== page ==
Roach Revisited

23 Apr
A field roach

A field roach in Argentina

A pretty little Argentinian field roach in the family Blattellidae.  We have these guys in the US, too, but you won’t find them infesting your kitchen.  These guys stay outside and feed mostly on flowers.  Unlike many roaches, they are diurnal (active during the day), and frequent flowered fields and clearings.  Roaches have always been the bug that freaks me the heck out, but apparently I’m fine with them so long as they stay out doors.  Although there are over 4000 known species of roaches only 7 of them are considered severe pests.  Most ‘wild’ roaches inhabit environments away from interactions with humans.

An easy way to distinguish roaches (order Blattodea) from other insects is the large, shield-like pronotum, which is often expanded to cover most of the head.  The pronotum is the upper surface of the insect’s prothorax: in this case the large, yellow-bordered ‘plate’ just behind the head.  This character is distinct even on wingless roaches, such as juveniles or the Madagascar hissing cockroach.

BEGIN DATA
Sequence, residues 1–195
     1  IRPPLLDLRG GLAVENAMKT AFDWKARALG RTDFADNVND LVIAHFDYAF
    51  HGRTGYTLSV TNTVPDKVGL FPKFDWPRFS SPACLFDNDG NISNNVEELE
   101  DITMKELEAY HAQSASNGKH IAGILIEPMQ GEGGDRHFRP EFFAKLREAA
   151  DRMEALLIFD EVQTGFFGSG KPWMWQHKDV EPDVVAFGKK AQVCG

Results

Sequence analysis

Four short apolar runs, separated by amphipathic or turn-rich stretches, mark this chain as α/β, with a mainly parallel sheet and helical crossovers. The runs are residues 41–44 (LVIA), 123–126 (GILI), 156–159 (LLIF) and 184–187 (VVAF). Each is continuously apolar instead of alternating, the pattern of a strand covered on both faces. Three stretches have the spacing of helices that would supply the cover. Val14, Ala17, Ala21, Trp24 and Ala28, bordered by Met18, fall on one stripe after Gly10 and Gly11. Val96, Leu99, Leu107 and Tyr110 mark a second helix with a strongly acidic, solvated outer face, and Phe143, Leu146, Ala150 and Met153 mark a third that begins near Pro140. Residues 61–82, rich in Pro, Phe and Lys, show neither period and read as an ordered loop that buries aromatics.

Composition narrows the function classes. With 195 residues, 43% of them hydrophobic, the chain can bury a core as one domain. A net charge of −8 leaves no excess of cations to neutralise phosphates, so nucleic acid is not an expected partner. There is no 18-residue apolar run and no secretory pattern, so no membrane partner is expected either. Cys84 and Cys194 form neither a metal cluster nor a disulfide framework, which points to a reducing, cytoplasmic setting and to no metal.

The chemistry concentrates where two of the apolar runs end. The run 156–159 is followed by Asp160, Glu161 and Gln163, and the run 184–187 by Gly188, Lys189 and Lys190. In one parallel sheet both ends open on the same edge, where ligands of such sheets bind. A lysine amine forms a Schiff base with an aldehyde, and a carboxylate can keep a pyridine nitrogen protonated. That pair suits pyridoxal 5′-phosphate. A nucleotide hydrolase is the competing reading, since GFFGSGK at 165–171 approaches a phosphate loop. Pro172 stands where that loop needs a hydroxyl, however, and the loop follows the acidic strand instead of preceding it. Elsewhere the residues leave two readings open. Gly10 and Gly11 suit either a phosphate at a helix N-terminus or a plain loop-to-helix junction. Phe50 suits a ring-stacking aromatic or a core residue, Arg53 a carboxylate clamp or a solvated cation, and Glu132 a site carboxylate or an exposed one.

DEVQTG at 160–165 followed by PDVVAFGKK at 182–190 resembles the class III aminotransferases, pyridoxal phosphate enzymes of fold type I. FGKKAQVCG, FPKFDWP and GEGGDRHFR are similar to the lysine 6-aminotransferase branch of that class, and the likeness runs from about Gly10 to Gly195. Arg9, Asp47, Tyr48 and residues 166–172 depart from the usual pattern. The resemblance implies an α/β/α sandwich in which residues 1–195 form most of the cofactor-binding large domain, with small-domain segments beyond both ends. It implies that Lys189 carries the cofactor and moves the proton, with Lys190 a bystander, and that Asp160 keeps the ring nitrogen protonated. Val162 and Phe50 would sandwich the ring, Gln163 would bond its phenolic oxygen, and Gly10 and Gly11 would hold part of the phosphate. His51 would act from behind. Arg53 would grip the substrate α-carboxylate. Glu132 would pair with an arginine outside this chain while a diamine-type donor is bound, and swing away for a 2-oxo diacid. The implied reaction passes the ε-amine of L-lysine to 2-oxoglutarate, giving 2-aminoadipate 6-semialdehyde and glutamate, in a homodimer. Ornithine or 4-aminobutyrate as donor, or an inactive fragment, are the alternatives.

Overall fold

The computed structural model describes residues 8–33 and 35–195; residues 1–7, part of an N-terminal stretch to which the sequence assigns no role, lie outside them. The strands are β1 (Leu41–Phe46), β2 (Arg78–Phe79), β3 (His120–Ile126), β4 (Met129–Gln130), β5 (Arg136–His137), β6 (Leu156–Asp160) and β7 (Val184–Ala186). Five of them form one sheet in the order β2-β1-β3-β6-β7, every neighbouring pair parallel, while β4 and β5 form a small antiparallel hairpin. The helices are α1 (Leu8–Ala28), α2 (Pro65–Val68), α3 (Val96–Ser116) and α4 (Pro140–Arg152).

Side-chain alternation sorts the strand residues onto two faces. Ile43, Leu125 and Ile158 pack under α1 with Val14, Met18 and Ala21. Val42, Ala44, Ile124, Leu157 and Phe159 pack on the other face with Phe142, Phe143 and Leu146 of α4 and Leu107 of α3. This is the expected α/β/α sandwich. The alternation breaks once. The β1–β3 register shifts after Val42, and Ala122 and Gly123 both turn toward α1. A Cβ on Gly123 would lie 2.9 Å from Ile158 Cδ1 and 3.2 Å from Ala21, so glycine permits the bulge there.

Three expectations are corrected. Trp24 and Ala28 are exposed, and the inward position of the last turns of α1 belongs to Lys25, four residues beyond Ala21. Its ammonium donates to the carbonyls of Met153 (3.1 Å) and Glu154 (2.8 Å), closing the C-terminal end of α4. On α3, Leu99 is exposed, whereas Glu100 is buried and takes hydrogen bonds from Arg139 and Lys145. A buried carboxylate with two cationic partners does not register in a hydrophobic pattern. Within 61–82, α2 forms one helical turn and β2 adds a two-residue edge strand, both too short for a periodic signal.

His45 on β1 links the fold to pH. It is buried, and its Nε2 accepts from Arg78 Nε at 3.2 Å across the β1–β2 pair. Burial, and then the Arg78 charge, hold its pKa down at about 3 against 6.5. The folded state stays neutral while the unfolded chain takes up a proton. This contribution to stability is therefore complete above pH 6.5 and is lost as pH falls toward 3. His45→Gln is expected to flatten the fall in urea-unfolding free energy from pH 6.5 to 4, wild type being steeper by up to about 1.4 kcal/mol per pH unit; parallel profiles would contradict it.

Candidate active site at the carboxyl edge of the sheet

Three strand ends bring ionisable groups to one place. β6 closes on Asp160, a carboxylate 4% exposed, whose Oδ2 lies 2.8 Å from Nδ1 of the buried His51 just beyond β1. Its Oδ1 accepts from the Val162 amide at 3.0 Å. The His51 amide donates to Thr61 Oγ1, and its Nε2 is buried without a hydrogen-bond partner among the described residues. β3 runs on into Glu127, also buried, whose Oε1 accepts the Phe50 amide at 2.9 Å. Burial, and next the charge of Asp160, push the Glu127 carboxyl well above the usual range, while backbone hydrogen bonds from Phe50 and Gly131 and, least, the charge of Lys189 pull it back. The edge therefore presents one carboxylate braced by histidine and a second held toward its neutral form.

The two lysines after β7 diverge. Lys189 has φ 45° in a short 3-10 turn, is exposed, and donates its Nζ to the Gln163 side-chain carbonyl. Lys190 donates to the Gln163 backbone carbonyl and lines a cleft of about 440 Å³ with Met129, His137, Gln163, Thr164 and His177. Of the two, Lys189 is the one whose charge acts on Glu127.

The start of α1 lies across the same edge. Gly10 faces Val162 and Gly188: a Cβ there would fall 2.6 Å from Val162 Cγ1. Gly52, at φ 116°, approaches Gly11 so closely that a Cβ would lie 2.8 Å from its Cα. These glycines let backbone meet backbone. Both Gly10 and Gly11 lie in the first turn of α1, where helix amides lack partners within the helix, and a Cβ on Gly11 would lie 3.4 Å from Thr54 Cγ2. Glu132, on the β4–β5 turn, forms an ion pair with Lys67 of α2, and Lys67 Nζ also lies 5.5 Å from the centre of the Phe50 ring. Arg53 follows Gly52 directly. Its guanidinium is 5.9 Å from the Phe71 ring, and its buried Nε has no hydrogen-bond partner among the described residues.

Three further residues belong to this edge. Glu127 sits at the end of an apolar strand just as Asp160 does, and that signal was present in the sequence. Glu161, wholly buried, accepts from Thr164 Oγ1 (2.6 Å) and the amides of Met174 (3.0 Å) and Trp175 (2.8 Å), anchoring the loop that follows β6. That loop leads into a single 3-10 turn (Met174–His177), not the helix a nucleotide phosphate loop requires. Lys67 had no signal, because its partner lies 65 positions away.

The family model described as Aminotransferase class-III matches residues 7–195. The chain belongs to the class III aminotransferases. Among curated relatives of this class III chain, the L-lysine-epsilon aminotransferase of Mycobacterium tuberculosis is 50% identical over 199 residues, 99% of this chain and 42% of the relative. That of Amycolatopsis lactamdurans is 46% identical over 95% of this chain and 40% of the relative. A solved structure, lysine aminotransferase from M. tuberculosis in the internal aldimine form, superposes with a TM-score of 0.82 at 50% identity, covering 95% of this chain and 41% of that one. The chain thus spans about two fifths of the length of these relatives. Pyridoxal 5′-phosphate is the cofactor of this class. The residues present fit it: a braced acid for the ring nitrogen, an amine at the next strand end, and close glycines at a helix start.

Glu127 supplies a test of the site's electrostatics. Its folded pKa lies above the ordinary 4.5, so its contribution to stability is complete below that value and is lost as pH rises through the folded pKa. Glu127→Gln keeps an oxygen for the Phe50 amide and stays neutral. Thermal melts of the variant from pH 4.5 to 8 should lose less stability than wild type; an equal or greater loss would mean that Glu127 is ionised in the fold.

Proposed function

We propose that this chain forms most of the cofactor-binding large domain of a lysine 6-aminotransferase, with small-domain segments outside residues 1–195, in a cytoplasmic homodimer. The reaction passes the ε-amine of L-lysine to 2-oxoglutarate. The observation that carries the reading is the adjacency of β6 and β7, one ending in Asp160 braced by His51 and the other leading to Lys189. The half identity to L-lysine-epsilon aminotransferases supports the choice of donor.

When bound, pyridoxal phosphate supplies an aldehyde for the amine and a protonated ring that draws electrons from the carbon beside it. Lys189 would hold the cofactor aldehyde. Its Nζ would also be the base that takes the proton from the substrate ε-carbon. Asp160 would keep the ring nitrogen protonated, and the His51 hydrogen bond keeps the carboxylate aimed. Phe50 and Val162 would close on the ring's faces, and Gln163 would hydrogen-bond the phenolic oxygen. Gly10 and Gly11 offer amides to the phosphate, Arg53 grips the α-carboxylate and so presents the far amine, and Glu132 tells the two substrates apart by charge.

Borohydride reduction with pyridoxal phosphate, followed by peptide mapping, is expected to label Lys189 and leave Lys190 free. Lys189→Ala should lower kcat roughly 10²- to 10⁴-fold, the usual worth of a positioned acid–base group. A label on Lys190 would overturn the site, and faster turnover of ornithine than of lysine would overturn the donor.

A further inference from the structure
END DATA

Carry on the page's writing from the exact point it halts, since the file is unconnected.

Science part’s done now.  The roach-squeamish may be excused as I head into anecdote time.

Entomology is fun.  As I experienced in Argentina, the reaction of a group of entomologists, on seeing cockroaches on the walls outside a restaurant, is to pause and discuss the species of the roach before heading on in to dinner.  Most normal human beings consider this atypical behavior.  Of course, there are levels of eccentricty, even within the field.  For example, my labmate Paul and I took a break between courses to head back out and take photos.   (These may show up here later.  Are you excited?)

And then Paul (an avid collector) surpassed us all by sticking a few in a ziplock bag where they remained in his pocket during dinner.  Appetizing!

Roaches to Go

Doggy bag of roaches!

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